- Associated Press - Wednesday, August 27, 2014

COLUMBIA, S.C. (AP) - State laws did not require Columbia Mayor Steve Benjamin to have disclosed an all-expenses paid trip from a Florida developer, the State Ethics Commission ruled Wednesday.

Details of the trip were made public during the recent federal corruption trial of former South Carolina State University board chairman Jonathan Pinson. The former business partner of Benjamin is awaiting sentencing on 29 charges including racketeering.

The trip happened in 2010 as Benjamin and Pinson traveled to a meeting on a private jet belonging to developer Richard Zahn, had dinner and visited a strip club. Benjamin has been criticized for not reporting the trip as a gift. He has said he regretted the trip but that it was personal and didn’t need to be reported to ethics officials.

Benjamin and his lawyer, Greg Harris, contended it was a “personal business trip,” because at that time Zahn had not proposed doing specific business with the city of Columbia.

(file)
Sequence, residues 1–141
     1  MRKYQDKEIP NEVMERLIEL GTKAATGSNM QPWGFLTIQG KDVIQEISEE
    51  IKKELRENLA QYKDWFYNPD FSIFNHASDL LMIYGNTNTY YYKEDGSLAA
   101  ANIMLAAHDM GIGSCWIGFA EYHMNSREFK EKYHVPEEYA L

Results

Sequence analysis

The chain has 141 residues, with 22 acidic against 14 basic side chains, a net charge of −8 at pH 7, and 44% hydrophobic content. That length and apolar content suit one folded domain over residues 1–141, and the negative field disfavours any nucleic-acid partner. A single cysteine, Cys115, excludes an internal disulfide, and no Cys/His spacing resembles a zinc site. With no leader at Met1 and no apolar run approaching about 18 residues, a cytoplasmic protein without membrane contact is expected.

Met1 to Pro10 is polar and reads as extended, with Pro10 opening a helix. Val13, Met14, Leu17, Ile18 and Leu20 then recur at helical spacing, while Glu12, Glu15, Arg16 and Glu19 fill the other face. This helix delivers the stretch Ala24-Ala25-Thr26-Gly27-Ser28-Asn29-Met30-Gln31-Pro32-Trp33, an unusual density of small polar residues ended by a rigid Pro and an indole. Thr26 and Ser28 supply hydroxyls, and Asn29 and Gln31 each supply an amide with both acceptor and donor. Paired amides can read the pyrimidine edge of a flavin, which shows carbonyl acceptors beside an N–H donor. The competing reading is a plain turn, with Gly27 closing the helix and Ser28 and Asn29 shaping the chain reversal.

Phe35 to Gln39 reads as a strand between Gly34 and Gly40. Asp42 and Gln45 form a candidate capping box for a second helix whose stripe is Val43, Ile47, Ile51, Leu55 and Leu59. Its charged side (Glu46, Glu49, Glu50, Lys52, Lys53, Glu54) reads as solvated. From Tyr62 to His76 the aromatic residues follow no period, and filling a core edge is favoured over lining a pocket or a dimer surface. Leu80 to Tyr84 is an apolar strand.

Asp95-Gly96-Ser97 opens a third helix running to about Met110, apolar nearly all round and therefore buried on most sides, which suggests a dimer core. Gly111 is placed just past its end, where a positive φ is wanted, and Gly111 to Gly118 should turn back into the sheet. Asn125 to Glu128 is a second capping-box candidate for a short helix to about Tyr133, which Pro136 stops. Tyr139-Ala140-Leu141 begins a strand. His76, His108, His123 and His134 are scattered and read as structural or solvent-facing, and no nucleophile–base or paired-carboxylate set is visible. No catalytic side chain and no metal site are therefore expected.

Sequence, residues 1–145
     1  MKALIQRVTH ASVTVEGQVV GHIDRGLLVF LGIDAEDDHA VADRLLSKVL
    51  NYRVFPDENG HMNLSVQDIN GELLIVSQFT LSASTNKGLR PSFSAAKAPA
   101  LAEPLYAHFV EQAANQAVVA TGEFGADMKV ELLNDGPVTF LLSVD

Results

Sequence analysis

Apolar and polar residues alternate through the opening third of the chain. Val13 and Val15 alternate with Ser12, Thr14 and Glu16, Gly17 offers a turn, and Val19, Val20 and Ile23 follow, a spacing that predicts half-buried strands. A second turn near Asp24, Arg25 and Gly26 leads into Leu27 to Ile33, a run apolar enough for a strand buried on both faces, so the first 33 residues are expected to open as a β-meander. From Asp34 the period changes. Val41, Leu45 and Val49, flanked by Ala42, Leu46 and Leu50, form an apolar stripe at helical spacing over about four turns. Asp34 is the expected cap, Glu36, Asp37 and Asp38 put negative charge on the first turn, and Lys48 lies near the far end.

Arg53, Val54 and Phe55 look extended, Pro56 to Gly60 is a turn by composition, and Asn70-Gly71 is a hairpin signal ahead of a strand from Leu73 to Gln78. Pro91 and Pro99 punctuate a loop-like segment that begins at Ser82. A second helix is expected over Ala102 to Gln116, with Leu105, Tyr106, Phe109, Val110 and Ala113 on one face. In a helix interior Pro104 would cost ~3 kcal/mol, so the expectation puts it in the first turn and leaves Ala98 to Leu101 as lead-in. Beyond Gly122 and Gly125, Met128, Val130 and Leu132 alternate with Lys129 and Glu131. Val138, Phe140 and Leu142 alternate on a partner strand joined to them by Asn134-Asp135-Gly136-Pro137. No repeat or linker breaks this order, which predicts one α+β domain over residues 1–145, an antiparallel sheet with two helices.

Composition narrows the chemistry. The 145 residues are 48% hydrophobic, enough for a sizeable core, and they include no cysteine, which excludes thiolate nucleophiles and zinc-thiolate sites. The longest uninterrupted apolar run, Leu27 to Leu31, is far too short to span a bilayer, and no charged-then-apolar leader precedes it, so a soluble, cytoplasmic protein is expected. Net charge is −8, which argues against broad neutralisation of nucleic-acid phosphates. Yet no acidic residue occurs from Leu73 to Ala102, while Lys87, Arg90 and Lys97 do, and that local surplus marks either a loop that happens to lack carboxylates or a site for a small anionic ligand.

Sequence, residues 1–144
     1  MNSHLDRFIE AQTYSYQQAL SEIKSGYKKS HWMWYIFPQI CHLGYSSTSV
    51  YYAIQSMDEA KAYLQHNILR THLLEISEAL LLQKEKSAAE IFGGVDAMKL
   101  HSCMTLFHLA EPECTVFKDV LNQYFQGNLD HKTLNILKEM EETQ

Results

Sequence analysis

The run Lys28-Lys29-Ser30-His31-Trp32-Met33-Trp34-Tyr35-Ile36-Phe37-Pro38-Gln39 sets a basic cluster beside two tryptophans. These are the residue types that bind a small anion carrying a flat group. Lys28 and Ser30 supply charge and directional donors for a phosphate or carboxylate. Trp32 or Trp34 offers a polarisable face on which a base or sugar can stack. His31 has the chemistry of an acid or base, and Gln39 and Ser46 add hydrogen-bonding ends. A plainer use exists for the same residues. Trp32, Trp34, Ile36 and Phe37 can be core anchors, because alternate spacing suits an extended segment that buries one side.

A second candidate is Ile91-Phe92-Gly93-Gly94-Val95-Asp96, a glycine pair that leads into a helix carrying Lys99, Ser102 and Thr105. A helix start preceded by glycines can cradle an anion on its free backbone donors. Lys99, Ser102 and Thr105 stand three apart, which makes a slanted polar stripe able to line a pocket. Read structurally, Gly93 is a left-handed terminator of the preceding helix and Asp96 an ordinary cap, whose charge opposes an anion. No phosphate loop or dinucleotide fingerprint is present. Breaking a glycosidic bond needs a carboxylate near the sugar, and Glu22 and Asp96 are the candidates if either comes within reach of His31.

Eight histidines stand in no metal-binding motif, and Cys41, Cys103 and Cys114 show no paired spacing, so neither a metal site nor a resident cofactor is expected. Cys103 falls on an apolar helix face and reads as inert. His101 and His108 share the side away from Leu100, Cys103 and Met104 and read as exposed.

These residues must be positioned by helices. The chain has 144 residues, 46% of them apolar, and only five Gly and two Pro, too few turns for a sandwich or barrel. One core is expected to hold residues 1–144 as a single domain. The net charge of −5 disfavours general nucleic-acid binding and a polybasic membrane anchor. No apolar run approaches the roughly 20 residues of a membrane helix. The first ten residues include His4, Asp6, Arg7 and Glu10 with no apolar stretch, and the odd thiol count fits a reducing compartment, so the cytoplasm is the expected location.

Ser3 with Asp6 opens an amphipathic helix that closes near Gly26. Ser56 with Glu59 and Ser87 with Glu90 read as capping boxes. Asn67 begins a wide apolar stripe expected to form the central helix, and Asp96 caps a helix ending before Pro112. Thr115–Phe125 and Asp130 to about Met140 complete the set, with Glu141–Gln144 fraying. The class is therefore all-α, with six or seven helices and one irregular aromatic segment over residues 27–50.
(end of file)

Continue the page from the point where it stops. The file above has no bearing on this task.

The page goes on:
Zahn pleaded guilty as part of a corruption scheme with Pinson and testified against him. Benjamin was mentioned at trial but was never charged.

During Pinson’s trial, prosecutors introduced an email sent from Zahn to Pinson, but also copied in Benjamin. The email talks about meeting with the mayor’s economic development team, the chief of the city’s Housing Authority and the head of the city’s grant program.

Zahn addressed Benjamin directly at the end, writing that it was “an honor to meet you and discuss your vision for the city of Columbia.”

While Benjamin probably talked about Columbia and his vision as mayor during the trip, Harris said it would have been like how any mayor would discuss his city.

In a statement released after the ruling, Benjamin thanks his family and friends for support and promised to keep trying to make Columbia a better place.

“The South Carolina Ethics Commission’s unanimous decision has concluded what I have always maintained: that I complied with the law. I respect their decision and the rule of law,” Benjamin wrote in the statement. “At the end of the day I’m proud of the fact that when faced with wild speculation and innuendo we stood up for the facts and, when it was over, the truth won out.”

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